On the copyright page of this book we are told that the author is co-founder of Language Teaching Publications, and that the book is part of a teacher training seriesthere can be no doubt then that the intended audience of The Lexical Approach is foreign language teachers in general and more specifically, given the examples throughout the book, ESL and EFL teachers and trainees. In this context, the reviewer found rather disconcerting what sounds like signs of distrust, and sometimes even disregard, for language teachers attitudes, knowledge, and classroom practices. While [-2-] theoretical overstatements are often understandable as part of the strategy for selling an argument, a more considerate view of the intended audience would have gone a long way. Many more language teachers and students than Michael Lewis realizes already know that the key to successful oral or written communication (i.e., comprehensible to the audience and satisfying to the producer) is, indeed, a large repertoire of words and lexical formulas used appropriately in appropriate contexts.
As one who has used a lexical approach almost obsessively for many years, with many of the exercises suggested by Michael Lewis, but also with an equally obsessive emphasis on reading, the reviewer (and she is by no means alone) embraces wholeheartedly the tightly formulated and appealing argument for the primacy of meaning in language learning. The practical side of the book, however, is less convincing. It is true that having a theoretical foundation for what one is doing in the classroom is important, but it is at least equally important to transform that knowledge into activities that are simple, appealing to the students, and successful, and that the short-term vocabulary gains become solid acquisition. Some types of vocabulary exercises may be enjoyed by some students, but many are not. More importantly, the task seems to many simply unmanageable, for the road from the first encounter with a word or chunk through passive knowledge to active use is long. The learning of vocabulary is slow and incremental. The time spent in the classroom is by no means enough for accomplishing the lexical task. Most of the time teachers do not get to see spectacular results in a few months. One only hopes that students who have been exposed to the lexical approach will leave the language training program with a whole range of techniques for learning and organizing vocabulary, and that the larger the lexical repertoire, the easier it will be to increase it even further outside the formal instructional setting. In that sense Michael Lewis book is a way forward for English language teaching.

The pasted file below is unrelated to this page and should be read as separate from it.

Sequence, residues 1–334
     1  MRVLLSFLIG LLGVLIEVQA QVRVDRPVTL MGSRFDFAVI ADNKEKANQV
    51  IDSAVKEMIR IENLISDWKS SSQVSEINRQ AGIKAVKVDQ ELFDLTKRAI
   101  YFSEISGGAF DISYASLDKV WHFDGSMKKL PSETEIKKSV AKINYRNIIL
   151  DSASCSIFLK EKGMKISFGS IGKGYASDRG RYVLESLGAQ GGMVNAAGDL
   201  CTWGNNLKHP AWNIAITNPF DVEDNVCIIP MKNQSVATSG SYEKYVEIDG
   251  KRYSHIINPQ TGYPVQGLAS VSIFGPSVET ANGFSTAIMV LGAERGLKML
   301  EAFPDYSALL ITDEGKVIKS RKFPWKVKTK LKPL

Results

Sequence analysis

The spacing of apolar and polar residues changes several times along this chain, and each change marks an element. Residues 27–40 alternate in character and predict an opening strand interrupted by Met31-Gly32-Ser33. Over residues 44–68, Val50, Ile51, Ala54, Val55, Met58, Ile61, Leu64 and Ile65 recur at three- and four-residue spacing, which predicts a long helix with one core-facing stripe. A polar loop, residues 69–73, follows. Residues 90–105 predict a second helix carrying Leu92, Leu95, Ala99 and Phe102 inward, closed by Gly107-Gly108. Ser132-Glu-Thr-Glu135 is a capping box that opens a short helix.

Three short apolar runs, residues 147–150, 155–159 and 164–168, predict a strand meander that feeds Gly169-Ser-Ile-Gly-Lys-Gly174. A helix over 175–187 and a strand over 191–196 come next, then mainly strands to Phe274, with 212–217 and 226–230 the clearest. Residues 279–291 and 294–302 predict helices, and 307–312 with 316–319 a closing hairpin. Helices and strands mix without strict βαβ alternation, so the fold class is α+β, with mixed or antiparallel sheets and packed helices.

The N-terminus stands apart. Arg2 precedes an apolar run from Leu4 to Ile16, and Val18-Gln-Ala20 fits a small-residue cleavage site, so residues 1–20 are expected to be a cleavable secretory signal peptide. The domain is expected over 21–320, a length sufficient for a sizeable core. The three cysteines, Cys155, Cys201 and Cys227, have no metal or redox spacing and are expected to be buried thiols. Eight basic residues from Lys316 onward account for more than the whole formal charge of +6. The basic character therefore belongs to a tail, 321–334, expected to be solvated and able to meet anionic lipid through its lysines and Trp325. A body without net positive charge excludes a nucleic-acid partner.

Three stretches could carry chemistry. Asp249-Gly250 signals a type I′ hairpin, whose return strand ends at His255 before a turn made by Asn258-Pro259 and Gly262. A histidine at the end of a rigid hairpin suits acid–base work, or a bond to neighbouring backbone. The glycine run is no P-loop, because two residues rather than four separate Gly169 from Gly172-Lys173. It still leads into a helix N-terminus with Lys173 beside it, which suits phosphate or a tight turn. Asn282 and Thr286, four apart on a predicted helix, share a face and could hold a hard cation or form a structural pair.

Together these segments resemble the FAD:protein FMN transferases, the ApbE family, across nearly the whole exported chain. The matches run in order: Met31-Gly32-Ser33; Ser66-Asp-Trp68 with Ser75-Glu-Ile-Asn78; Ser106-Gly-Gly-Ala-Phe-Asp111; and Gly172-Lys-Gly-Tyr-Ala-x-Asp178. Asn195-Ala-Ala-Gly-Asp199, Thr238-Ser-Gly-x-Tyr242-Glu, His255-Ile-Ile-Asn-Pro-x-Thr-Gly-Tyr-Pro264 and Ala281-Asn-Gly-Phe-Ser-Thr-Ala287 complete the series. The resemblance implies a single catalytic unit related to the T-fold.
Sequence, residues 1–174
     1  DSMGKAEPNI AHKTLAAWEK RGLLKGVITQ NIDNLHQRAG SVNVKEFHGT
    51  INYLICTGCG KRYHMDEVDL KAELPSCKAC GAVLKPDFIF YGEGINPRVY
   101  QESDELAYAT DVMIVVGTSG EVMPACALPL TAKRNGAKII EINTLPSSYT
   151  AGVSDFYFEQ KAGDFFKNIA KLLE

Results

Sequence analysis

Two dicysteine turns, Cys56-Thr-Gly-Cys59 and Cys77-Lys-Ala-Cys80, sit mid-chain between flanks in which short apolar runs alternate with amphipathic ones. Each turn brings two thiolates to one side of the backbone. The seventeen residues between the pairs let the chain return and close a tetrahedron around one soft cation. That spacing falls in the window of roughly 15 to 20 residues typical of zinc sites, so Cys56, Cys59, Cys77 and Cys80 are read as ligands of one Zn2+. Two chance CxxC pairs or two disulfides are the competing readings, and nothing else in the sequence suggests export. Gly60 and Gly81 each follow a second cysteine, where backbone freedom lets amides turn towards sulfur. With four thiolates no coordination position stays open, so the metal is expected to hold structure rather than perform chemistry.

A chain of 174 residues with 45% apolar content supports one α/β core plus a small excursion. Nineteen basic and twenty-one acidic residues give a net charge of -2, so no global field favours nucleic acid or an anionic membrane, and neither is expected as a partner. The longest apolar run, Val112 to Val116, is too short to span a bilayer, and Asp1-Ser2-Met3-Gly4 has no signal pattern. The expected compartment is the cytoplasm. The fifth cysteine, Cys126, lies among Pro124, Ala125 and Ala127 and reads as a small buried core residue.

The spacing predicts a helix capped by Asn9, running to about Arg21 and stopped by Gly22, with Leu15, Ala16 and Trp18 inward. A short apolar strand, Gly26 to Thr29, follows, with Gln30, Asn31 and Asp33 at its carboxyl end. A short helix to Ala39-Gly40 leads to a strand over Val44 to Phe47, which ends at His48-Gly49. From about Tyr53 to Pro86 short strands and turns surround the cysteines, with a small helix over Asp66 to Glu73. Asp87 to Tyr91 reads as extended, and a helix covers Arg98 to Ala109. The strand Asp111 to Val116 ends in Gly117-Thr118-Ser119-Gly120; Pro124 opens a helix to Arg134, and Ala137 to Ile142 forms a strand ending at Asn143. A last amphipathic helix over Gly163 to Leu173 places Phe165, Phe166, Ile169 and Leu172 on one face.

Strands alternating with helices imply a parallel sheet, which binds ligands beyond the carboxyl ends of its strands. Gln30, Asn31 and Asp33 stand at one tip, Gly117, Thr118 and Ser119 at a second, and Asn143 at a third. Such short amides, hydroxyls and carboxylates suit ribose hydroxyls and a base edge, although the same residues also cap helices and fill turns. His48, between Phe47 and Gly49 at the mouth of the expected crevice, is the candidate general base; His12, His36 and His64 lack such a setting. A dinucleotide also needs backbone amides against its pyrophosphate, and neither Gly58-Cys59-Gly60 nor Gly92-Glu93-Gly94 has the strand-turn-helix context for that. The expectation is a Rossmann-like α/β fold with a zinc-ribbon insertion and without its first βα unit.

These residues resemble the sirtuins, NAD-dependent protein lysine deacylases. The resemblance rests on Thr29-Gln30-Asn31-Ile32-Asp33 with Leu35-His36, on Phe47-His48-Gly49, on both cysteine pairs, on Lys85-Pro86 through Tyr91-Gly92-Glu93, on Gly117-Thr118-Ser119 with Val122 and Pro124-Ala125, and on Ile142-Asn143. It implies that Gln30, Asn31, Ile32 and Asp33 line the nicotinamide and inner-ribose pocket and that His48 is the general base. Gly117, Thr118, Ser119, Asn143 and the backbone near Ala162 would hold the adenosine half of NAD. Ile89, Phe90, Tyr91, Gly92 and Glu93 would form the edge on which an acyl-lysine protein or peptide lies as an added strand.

Anca M. Nemoianu
The Catholic University of America